A policy that particularly merits attention is the quantitative easing by the Bank of Japan with its goal of purchasing 80 trillion yen of Japanese government bonds annually as it strives to achieve a 2% price stability target. Long-term interest rates are at its lowest level ever, between 0.2% and 0.3%. Moreover, because of trends such as the growing gap between Japan and U.S. interest rates, Japan is seeing high stock prices coupled with the weak yen. These can be expected to further improve business/consumer confidence and inflation expectations from both corporations and households.
A look at the Japanese nominal gross domestic product (GDP) and the money supply (M2 base) in recent years shows that whereas the money supply continued to increase from the mid-1990s until recently, nominal GDP has been flat. Such a long-term deviation between nominal GDP and the money supply seems highly irregular as economic growth typically indicates additional demand for financing. If the money supply increases sharply, financial assets and real estate prices rise while exchange rates fluctuate, and such trends are expected to have an impact on economic growth as well. In the major economies of Europe and North America, nominal GDP and money supply grow together.
So why are nominal GDP and the money supply diverging so conspicuously from each other solely in Japan? One reason has to do with where the money is diverted to once the supply has increased. The most important part of the increase in the money supply since 1995 has gone toward purchasing the expanded amount of Japanese government bonds. In other words, the money went into public works, which have a lower economic multiplier effect than private investment.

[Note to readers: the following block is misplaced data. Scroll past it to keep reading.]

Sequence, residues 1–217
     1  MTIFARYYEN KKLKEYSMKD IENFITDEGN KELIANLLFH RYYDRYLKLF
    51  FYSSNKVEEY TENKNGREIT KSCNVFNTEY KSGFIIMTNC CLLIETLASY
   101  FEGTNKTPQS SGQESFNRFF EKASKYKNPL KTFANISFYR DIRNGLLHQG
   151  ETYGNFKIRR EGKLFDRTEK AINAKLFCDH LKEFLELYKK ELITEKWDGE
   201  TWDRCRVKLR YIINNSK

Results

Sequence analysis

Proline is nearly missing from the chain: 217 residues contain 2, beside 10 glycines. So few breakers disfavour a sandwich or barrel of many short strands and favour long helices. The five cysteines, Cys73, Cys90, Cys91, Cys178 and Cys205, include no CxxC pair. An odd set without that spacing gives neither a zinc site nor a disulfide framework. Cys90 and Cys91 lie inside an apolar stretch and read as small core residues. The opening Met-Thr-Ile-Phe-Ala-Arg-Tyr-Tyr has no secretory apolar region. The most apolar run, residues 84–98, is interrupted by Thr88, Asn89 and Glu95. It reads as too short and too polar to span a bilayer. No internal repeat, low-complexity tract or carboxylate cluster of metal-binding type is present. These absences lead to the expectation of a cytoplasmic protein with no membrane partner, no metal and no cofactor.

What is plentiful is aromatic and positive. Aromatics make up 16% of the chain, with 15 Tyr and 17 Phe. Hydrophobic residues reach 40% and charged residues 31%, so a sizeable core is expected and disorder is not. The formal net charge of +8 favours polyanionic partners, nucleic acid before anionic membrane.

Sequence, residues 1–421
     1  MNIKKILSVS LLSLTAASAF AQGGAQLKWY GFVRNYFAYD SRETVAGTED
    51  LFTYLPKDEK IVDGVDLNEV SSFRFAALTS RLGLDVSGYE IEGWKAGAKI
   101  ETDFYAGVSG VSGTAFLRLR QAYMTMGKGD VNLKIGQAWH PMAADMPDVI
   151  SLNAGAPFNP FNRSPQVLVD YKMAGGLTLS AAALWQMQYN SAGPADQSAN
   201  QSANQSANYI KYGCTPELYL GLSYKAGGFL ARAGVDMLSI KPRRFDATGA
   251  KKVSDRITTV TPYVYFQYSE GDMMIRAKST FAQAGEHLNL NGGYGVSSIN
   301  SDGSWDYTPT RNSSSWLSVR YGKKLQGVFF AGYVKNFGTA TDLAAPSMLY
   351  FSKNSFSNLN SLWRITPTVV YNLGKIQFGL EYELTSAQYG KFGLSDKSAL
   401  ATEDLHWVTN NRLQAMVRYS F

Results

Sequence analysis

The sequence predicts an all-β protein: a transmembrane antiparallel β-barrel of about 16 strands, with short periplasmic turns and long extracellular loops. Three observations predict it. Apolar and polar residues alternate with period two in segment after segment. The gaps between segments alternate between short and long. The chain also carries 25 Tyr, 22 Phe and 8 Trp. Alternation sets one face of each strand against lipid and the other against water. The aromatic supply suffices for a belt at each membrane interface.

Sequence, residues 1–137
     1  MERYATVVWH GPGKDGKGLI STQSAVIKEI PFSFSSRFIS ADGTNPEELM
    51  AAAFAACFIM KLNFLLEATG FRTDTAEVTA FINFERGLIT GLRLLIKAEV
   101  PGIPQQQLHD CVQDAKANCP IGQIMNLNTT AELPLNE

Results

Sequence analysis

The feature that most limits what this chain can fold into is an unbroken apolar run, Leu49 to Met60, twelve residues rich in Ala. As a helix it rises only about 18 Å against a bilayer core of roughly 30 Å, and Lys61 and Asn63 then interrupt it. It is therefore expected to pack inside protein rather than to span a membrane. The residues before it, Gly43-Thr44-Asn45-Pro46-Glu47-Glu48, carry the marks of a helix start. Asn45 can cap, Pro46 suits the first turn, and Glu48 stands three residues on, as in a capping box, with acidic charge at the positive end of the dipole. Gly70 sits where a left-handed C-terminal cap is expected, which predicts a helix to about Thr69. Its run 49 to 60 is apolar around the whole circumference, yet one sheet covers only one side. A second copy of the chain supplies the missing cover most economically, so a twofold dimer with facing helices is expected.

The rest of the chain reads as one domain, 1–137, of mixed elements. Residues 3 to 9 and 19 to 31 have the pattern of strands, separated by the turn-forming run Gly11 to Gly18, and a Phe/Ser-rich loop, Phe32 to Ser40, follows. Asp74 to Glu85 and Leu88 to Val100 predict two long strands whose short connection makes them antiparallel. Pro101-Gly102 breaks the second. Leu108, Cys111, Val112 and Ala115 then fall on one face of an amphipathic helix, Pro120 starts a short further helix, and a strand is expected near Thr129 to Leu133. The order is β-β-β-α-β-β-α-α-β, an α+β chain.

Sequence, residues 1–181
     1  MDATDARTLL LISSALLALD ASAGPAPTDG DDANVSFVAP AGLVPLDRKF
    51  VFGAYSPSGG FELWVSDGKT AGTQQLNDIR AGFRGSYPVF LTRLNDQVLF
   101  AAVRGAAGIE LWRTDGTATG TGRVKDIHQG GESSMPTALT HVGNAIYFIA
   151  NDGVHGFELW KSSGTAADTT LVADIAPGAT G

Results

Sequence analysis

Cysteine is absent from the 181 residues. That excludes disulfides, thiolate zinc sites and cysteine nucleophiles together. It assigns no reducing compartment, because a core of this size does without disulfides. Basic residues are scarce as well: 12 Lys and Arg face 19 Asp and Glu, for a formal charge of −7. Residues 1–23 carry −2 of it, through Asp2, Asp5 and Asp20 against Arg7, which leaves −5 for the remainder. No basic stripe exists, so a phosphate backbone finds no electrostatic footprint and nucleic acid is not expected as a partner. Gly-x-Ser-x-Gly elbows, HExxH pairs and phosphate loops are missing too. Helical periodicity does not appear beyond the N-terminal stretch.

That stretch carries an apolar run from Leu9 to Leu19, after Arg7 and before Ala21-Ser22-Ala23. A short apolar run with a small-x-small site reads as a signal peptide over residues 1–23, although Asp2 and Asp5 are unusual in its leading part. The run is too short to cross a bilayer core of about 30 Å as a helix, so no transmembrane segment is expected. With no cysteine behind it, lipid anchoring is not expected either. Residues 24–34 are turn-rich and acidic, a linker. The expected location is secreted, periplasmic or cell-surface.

The biggest reason of all has to do with business behavior. In the last 20 years since the collapse of the real estate bubble, businesses increasingly have shown a tendency to contract and households have not been able to increase their consumption. Given this background, domestic demand has been sluggish and deflation has kept nominal GDP in check. The impact of deflation has been particularly significant. Assuming that Japan's rate of price increases (GDP deflator) had been the same as that of the United States, that, combined with Japan's nominal GDP, would lead to a big increase consistent with growth in the money supply (Fig. 1).